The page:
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Male attractiveness is negatively genetically associated with investment in copulations


  • Leif Engqvist


In species with high male mating effort, there is a trade-off between mating effort spent in a current mating and resources left for future matings. Males are therefore expected to allocate resources prudently across successive matings. Attractive males that will have a high mating success might therefore be forced to decrease mating investment in comparison with less-attractive males. Furthermore, if there is genetic variation in attractiveness, one might expect to find a negative genetic correlation between attractiveness and mating investment. Here, this genetic prediction is tested using the scorpionfly Panorpa cognata (Insecta: Mecoptera). In this species, males offer costly salivary secretions as nuptial gifts to females. By producing large secretions, males increase copulation duration and sperm transfer, thus gaining an advantage in sperm competition. I used a full-sib breeding design and found that both attractiveness and mating investment showed considerable heritability. Most importantly, there was a significant negative genetic correlation between attractiveness and mating investment: In families with attractive individuals, males produced smaller salivary secretions than in those with less-attractive males. The results thus demonstrate an important evolutionary trade-off between mating success and sperm competition success. Copyright 2011, Oxford University Press.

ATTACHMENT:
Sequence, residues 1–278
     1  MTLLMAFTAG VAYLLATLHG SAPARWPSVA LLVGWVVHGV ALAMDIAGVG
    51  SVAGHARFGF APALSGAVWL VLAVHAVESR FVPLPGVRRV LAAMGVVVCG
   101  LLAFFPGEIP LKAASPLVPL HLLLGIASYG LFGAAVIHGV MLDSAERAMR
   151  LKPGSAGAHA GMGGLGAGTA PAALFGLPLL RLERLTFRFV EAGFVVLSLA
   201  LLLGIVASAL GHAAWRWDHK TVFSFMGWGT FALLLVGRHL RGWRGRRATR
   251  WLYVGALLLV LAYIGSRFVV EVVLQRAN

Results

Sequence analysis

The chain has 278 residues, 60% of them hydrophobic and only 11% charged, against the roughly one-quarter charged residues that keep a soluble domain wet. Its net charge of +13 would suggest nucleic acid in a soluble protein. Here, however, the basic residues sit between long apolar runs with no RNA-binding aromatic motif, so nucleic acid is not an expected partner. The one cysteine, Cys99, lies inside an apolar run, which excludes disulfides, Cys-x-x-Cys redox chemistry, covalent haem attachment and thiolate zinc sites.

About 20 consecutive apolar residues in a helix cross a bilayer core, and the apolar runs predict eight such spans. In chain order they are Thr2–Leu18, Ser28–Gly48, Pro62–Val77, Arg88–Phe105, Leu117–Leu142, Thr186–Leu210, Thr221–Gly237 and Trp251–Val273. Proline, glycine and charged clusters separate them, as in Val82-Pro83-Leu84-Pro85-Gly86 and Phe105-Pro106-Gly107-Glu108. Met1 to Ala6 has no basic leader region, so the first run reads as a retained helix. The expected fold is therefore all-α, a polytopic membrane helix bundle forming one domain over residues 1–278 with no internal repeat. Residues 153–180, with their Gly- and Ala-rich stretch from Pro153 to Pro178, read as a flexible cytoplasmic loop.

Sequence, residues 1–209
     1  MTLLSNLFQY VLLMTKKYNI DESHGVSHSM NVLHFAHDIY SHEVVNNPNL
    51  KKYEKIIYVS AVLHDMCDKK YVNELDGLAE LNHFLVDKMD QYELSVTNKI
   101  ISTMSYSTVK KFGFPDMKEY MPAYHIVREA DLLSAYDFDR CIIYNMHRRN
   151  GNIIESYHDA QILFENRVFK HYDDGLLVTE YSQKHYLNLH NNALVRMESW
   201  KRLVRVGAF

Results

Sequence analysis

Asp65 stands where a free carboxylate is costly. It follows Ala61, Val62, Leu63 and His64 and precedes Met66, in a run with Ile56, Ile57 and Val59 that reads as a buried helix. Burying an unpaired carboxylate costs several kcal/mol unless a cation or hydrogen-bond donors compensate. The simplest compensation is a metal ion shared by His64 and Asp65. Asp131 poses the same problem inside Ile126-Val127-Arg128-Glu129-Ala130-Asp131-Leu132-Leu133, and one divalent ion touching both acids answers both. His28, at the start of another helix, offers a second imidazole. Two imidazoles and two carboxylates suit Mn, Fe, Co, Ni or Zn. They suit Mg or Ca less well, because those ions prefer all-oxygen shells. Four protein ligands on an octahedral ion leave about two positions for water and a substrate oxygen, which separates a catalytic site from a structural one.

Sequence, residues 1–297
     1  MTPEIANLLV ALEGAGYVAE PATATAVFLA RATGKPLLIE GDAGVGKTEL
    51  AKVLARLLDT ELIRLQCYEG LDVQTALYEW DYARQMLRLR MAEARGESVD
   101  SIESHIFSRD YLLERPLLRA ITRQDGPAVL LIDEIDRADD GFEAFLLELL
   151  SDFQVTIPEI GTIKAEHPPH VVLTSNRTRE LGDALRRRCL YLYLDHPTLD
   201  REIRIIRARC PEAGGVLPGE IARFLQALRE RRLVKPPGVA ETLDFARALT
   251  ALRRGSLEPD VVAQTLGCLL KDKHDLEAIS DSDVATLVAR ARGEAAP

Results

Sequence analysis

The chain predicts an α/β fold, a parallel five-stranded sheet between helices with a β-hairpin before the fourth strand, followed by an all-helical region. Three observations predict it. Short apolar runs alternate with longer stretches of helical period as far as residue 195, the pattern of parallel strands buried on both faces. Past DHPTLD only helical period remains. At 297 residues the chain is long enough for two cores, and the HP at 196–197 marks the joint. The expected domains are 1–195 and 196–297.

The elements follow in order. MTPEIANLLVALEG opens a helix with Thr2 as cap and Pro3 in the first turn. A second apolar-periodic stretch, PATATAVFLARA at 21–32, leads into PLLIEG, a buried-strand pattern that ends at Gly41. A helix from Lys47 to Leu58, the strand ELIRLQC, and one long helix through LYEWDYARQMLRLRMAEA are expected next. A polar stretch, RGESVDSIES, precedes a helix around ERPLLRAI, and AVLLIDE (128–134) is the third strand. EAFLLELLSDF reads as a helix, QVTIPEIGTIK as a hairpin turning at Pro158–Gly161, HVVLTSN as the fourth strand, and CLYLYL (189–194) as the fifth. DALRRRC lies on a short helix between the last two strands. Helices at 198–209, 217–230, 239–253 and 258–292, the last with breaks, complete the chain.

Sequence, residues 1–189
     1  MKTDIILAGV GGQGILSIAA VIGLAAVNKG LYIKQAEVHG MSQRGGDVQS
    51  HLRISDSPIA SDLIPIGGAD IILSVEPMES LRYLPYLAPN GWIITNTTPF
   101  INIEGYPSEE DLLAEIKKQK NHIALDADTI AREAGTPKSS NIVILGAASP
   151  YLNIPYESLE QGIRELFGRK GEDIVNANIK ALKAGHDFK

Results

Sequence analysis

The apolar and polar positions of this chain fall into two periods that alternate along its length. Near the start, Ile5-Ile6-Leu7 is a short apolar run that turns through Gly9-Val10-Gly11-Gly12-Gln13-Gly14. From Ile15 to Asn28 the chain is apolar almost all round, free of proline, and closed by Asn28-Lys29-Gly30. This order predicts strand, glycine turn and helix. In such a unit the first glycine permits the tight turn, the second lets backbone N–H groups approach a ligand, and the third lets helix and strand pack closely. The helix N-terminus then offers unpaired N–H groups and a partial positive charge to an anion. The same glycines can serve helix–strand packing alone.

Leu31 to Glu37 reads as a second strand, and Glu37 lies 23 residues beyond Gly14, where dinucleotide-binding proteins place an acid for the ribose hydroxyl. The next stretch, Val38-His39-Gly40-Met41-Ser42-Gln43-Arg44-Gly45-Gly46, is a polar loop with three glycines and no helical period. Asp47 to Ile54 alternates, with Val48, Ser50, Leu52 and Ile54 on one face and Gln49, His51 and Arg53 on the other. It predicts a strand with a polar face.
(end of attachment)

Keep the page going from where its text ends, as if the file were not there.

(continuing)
Suggested Citation

  • Leif Engqvist, 2011. "Male attractiveness is negatively genetically associated with investment in copulations," Behavioral Ecology, International Society for Behavioral Ecology, vol. 22(2), pages 345-349.
  • Handle: RePEc:oup:beheco:v:22:y:2011:i:2:p:345-349

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    References listed on IDEAS

    1. Bates, Douglas & M├Ąchler, Martin & Bolker, Ben & Walker, Steve, 2015. "Fitting Linear Mixed-Effects Models Using lme4," Journal of Statistical Software, Foundation for Open Access Statistics, vol. 67(i01).
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